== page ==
The construction of shell houses comprise the old and the new harmoniously mixed together, creating some gorgeous houses that remind us of fairytale. These homes can give its inhabitants a sense of tranquility, relaxation, inspiration, and a sort of oasis from the mad world outside.
Javier Senosiain is yet another example of the brilliance with which Mexican architects have surprised the world. The so-called Nautilus House is in fact a most charming shell-shaped house.
Gaston Bachelard says about Nautilus that not the shape in itself, but the creation of this shape is mysterious. We could say that Senosiain has created in fact a sort of space poetry in which the exterior is perfectly combined with the interior, and everything seems to evolve spontaneously. Nothing seems artificial.
Upon entering the Nautilus, one can notice that the walls, the ceiling and floor are not parallel like in most houses. Everything seems to be molded in the smallest details, in a continuous manner. After climbing down a few steps, close to the multicolored facade that can be noticed from the outside, there is a long living-room full of vegetation.
The effect created in the interior is even more intriguing. Everything seems in its perfect place, and the landscape outside pictures the beautiful mountains. The shell-shaped house also includes some dormitories, a completely-equipped kitchen and a bathroom decorated with sea elements.
The walls are only 5 cm thick, but the ferrocement-based system chosen by Senosiain ensures resistance, isolation and protection. Ventilation is ensured by two tunnels which are placed under the building and which bring fresh air from outside, be it cold or warm, depending on the season.
The air has the natural circulating movement of a spiral, going up towards the highest point of the house. But who are the inhabitants of this unusual home? Apparently, it was a young couple with two children. They used to live in a normal, rather conventional house and decided to look for a change, and build a more integrated into nature kind of place.
Also, the model underwent a great number of changes until it achieved the model required for the construction of Nautilus. The general idea was to make the inhabitants feel like the inhabitant of a beautiful shell, like a sort of mollusk that can walk from one room to another, being part of a symbiosis with the huge cloister of a fossil.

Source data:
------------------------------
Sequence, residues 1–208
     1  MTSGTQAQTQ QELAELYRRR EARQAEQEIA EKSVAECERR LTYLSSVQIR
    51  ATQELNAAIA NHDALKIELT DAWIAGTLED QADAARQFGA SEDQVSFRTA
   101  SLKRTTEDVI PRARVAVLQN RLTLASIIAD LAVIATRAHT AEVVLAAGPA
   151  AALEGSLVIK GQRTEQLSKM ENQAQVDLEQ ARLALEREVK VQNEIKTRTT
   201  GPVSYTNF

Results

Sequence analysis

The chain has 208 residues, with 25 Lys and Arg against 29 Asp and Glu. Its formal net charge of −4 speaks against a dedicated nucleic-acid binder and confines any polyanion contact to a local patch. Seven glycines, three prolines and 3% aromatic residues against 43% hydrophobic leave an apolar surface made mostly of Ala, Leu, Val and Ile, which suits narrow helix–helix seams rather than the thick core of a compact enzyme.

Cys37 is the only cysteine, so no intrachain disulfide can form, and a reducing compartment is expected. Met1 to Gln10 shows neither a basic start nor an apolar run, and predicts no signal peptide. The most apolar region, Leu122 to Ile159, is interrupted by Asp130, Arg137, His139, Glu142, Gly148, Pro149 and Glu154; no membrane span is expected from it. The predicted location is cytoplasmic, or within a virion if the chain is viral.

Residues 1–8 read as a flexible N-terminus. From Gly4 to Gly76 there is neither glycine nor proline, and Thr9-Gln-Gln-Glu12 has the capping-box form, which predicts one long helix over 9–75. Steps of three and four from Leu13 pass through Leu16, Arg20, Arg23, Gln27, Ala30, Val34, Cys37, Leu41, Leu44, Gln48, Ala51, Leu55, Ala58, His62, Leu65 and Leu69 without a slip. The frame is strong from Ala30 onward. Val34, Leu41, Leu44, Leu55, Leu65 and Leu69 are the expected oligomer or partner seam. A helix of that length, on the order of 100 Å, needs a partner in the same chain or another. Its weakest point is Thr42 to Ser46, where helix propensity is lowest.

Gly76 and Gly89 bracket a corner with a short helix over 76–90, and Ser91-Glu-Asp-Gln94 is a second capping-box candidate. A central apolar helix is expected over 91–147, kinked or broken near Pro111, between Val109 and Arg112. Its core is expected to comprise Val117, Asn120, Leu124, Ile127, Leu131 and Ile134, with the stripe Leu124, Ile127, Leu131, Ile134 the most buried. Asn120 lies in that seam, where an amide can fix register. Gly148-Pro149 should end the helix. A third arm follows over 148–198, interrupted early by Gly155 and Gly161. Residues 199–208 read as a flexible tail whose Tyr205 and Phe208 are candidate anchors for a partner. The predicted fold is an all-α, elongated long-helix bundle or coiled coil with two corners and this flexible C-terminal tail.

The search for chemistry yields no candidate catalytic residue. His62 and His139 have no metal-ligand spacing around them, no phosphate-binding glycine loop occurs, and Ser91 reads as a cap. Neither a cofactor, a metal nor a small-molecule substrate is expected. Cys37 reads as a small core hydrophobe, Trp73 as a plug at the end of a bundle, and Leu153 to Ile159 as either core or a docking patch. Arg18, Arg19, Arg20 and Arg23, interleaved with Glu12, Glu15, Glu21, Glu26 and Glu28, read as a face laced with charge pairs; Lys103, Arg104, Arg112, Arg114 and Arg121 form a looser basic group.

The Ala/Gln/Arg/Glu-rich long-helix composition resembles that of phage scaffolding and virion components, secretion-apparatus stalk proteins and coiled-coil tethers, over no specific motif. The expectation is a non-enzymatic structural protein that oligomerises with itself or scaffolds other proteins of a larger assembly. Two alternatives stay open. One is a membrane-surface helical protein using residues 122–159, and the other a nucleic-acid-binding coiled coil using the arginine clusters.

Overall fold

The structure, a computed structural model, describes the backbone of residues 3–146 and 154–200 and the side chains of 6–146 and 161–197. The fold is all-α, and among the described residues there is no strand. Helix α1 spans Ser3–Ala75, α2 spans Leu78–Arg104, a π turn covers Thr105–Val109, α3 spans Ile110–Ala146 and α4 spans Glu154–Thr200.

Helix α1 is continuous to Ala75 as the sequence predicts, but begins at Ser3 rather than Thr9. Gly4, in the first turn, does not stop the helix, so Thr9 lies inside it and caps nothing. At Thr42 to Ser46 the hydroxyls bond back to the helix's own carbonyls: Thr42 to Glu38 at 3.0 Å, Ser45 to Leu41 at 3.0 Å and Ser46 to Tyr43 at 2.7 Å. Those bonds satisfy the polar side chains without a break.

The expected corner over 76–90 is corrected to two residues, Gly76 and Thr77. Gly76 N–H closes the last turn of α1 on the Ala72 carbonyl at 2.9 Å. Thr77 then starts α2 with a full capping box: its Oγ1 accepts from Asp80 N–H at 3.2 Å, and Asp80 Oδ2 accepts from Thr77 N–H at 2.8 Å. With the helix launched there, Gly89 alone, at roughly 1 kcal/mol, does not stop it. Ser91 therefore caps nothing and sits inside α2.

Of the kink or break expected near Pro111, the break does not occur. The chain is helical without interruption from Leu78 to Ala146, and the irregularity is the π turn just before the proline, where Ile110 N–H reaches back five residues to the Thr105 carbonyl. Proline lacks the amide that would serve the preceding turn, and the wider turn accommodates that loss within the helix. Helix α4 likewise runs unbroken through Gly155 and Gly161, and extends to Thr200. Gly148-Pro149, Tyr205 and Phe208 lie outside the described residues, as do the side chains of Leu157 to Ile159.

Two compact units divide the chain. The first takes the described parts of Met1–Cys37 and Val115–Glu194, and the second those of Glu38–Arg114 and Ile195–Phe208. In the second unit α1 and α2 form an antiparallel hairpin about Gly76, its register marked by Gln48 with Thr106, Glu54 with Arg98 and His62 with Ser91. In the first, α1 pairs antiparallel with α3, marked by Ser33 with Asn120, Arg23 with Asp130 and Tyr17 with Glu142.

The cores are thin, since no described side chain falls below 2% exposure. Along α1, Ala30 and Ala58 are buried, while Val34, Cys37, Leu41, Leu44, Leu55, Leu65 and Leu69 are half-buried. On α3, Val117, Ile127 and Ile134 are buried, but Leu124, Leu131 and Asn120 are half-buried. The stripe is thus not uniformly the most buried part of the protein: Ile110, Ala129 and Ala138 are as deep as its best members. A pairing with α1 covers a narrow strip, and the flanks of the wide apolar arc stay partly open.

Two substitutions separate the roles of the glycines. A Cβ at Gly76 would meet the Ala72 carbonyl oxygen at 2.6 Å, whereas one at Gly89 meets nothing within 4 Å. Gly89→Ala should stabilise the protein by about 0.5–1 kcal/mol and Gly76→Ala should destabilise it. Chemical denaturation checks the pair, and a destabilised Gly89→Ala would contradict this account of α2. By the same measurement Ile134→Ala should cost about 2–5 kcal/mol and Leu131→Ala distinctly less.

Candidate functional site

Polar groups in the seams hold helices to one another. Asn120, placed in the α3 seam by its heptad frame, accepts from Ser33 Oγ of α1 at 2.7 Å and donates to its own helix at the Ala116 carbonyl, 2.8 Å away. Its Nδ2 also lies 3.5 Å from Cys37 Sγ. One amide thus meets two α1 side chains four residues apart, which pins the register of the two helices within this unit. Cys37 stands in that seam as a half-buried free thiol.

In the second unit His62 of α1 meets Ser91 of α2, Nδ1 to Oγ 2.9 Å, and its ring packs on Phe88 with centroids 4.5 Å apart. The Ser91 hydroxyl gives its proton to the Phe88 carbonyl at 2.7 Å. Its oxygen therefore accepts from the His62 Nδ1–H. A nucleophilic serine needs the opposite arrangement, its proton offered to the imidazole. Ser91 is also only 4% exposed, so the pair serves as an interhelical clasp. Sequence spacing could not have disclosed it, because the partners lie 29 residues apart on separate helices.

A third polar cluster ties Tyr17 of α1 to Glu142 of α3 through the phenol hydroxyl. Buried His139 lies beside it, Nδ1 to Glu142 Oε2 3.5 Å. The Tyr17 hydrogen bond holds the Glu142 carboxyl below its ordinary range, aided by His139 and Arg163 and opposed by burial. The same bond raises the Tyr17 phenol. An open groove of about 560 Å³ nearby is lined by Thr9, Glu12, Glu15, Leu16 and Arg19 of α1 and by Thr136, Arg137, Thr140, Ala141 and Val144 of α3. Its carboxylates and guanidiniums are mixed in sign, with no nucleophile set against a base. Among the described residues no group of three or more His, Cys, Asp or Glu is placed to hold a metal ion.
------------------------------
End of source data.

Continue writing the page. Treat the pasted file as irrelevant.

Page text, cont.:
There is no division of social life in this home. The area is three-dimensionally harmonious and the fourth dimension is noticeable when spiraling across the stairs, much like floating over the vegetation that is planted next to them. These elements give the house a sort of Sci-Fi touch, or a very enticing uniqueness to the least.
There is yet another seashell-shaped house still in Mexico. While the previous one bore the name of Nautilus House, this one is called Conch Shell House. This one is built on an island called Isla Mujeres. It belongs to a famous artist named Octavio Ocampo.
This artist was born in Mexico in 1943, and studied Fine Arts in the capital and then in San Francisco, where he graduated in 1974. Since his early age, he proved great artistic talents and developed a new style in painting and sculpture.
This new approach was based on plural forms. His metamorphic style is based on the technique of superposing and aligning shapes in order to create different images. He was also a good actor and dancer. The material out of which The Conch Shell House was built is still rather conventional; concrete. But there were also used recycled materials.
The interior part of the house also remind us of a seashell. Also, the living-room is round; it has no corners, no sharp angles. Also, there have been used a lot of beach items and seashells for the entire decoration of the house. The bathroom upstairs has a sink made of conch shell, whereas the faucets are manufactured out of coral.